Thursday, October 19, 2006

Simplistic majoritarianism

George Will writes:
Arnold Schwarzenegger has vetoed a bill that, had it become law, would have imparted dangerous momentum to a recurring simple-mindedness.

The bill would have committed California to cast its electoral votes -- today, 55 -- for whichever candidate receives the most popular votes nationally. The commitment would have been contingent on a compact with other similarly committed states, all having a combined total of at least 270 electoral votes.

Such legislation has been introduced in six states and passed by Colorado's Senate. Advocates offer three rationales: ...

The second argument for the multistate compact is:

The possibility of the winner of the popular vote losing the electoral vote contest violates the value that trumps all others -- majoritarianism. Well.

Never mind that in 42 of the 46 elections since 1824 (all but 1824, 1876, 1888, 2000) for which we have popular vote totals, that did not happen. Which suggests that the assault on the electoral vote system is driven by simplistic majoritarianism, which would shatter the two-party system that is conducive to temperate politics.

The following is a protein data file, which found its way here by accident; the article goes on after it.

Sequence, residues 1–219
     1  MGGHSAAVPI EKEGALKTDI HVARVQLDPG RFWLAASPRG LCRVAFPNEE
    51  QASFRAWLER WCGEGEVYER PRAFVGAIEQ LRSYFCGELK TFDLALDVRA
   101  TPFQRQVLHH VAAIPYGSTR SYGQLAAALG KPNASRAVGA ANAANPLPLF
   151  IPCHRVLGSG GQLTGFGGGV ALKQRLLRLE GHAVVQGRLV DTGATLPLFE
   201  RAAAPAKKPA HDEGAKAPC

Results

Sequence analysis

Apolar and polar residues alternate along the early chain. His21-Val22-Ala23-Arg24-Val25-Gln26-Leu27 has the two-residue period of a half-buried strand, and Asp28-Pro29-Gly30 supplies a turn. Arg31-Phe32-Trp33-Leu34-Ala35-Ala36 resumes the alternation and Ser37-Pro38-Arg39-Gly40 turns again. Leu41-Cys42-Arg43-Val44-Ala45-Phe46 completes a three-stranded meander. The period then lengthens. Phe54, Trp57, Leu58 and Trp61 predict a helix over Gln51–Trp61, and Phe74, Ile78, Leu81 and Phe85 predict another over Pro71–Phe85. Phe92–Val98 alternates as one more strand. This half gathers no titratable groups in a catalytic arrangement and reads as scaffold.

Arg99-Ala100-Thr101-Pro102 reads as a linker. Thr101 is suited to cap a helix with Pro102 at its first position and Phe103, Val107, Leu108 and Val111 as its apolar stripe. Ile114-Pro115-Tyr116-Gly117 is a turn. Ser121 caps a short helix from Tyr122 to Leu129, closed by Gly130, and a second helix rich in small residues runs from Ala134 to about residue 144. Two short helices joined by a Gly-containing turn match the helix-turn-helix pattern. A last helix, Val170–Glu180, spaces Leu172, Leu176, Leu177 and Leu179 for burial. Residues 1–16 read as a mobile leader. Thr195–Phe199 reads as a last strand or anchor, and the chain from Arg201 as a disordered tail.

No, it only happened in 1876. Samuel Tilden won the popular vote with 51% of the vote, but Rutherford B. Hayes became president.

The closest example in the last century was in 1960, when Richard Nixon got 49.6% of the popular vote, but lost the election. No other presidential loser since Tilden has come so close to winning the popular vote. Second closest was Al Gore, who won 48.4% of the popular vote in 2000. (Gore received a plurality, but not a majority, of the popular votes. Nixon also won a plurality, if you take into account the fact that Alabama had more Democrat votes than Kennedy votes.)

The argument against the Electoral College is not "simplistic majoritarianism". In every presidential election since 1876, the winner got a majority of the electoral votes, and the losers all failed to get a majority of the popular votes. Majoritarianism would leave the system the way it is. If we switched to a system based on a plurality of the popular vote, then it would almost certainly result in a non-majority president in the next several elections, as no one won a majority of the popular vote in 1960, 1968, 1992, 1996, and 2000.

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